Three months later, I met my friend Kara for a glass of wine and sushi. While shoving California Roll into my mouth, I relayed the information the genetic counselor had told us and of my husband’s desires regarding more children. “So…that’s that,” I concluded resolvedly.
“I’m so sorry, Mol,” she began. She paused. “But I had a dream recently, one of the ones where it feels real. You just know it.” I nodded along. “You were pregnant, Molly, beaming with joy! I woke up from this dream, and I just knew it was prophetic. I really believe God told me you will be pregnant one day!”
Kara is not the type to throw prophecies around. In fact, she had never done so before in the history of our friendship, and she’s not one to say something to make me “feel” better, because really, that would have been cruel.
I wanted to believe her so badly. I thought about it long after our conversation. But my husband didn’t want biological kids. Or adopted kids. I wouldn’t divorce him for this, so clearly, the Lord was going to do something with those three pieces, and I would have to surrender to it.
But the Lord has way more pieces than we ever imagine.
I came across this powerful reminder this week:
“When God promised Abraham that he would become the father of many nations, Abraham believed Him. God had also said, ‘Your descendants will be as numerous as the stars,’ even though such a promise seemed utterly impossible! And Abraham’s faith did not weaken, even though he knew he was too old to be a father at the age of one hundred and that Sarah, his wife, had never been able to have children.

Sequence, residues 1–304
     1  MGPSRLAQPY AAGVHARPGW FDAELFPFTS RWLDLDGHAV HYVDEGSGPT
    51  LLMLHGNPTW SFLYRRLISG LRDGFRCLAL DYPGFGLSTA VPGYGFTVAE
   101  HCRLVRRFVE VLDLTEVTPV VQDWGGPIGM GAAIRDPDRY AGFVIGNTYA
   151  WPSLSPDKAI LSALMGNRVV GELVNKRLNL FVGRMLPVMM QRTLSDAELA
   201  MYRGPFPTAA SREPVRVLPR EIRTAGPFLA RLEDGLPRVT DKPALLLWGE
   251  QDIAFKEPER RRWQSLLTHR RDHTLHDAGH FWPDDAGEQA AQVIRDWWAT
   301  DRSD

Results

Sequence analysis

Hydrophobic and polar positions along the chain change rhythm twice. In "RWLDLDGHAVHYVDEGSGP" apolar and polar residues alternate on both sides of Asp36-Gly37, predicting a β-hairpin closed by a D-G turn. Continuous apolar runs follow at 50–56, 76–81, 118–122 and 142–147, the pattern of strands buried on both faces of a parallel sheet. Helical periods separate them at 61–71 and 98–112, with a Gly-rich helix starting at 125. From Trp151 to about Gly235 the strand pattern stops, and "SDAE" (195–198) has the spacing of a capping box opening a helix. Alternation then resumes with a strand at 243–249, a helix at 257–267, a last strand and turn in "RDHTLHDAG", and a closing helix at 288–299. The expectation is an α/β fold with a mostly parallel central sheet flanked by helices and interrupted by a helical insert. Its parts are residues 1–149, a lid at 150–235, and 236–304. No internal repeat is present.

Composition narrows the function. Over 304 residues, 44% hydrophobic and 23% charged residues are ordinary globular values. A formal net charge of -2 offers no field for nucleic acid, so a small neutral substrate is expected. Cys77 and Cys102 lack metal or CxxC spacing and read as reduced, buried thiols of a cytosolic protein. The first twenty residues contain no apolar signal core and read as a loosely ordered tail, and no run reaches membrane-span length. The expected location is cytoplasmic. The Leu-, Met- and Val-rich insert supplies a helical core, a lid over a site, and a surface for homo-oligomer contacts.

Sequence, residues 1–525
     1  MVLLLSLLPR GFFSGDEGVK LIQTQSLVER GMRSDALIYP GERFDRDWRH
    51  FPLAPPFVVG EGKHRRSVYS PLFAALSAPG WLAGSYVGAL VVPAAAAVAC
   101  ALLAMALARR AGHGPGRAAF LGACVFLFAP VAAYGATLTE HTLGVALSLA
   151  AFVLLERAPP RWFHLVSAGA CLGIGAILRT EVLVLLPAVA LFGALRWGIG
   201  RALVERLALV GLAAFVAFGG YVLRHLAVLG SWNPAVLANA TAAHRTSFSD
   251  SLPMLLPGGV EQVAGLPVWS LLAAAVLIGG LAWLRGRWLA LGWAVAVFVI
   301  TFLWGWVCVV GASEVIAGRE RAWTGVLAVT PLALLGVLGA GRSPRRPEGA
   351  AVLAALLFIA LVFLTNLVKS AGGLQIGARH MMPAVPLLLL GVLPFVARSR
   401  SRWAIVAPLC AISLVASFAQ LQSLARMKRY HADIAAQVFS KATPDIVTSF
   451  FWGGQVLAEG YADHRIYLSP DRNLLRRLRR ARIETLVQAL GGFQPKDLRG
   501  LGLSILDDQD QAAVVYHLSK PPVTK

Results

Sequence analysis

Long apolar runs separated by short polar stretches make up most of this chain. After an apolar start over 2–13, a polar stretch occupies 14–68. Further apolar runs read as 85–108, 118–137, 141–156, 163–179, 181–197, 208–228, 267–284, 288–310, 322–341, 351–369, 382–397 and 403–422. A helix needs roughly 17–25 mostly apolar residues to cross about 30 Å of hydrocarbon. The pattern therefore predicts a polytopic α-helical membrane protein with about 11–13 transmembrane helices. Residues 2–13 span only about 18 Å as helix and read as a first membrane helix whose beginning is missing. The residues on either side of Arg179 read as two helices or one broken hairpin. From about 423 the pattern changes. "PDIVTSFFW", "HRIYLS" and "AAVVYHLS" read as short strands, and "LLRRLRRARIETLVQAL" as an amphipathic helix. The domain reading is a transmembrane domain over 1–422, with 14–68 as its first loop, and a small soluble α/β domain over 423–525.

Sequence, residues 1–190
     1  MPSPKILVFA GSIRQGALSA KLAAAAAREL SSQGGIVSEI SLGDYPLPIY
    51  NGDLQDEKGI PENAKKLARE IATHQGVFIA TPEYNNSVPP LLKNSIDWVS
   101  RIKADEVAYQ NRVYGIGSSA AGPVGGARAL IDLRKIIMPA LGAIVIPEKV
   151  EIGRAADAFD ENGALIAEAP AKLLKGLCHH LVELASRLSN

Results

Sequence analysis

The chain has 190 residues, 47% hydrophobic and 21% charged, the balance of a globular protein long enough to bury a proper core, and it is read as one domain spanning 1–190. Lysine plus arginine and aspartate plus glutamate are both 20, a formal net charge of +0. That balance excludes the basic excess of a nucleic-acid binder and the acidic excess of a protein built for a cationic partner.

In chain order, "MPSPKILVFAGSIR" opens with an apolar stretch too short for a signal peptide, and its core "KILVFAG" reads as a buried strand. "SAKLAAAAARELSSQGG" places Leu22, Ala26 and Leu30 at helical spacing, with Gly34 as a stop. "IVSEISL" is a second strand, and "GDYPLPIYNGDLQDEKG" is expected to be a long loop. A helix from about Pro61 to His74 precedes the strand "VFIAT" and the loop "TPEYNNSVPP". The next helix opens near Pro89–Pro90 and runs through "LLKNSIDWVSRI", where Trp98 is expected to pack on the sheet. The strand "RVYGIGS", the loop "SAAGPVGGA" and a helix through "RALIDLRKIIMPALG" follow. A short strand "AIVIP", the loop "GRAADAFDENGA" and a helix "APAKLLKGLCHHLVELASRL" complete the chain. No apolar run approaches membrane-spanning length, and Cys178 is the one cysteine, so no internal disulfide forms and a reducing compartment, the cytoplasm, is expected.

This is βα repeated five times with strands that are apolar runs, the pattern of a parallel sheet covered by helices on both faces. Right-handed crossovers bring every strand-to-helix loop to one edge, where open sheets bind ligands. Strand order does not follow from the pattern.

“Abraham never wavered in believing God’s promise. In fact, his faith grew stronger and in this he brought glory to God. He was absolutely convinced that God was able to do anything He promised” (Romans 4:18-21).
When God speaks, do we believe Him? When promises or dreams seem utterly impossible to us, does our faith weaken? When all the pieces we hold in our hand about the situation don’t fit to construct what we have in our mind, what do we do with them? When it’s not working the way we thought, do we waver in belief or grow stronger in faith?
Abraham was just a man. He wanted a child, and so did his wife, probably more than anything else. For decades, the answer was not “no,” it was “not yet.” But they didn’t know that, of course. When God finally said, “Okay, now,” Sarah laughed. She knew she was too old, and that having a baby would be impossible.
But the pieces God holds make nothing impossible.
Do we know that about Him? Abraham did. “He was absolutely convinced that God was able to do anything He promised.” Are we absolutely convinced that God is able to do anything He promises? A conviction like this takes personal experience with Him.
In those dark and gray early months of 2015, God already knew what He was going to do with this desire He put in me. He already knew I was about to go through an unwanted divorce, grieve that, move out of my house, be introduced to a guy named Guy who had experienced similar losses to mine, fall in love with him, move to Kentucky, and marry him in my dad’s backyard on a beautiful fall evening.
And He also knew that in April of 2018, we’d get to see our baby for the first time.
Pieces, that in 2015, I had no idea God even held. But He did.
…and Molly was absolutely convinced that God was able to do anything He promised.
“For I know the plans I have for you,” declares the Lord, “plans to prosper you and not to harm you, plans to give you hope and a future.” Jeremiah 29:11
“Delight yourself in the Lord, and He will give you the desires of your heart.” Psalm 37:4
“I will restore to you the years that the locusts have eaten.” Joel 2:25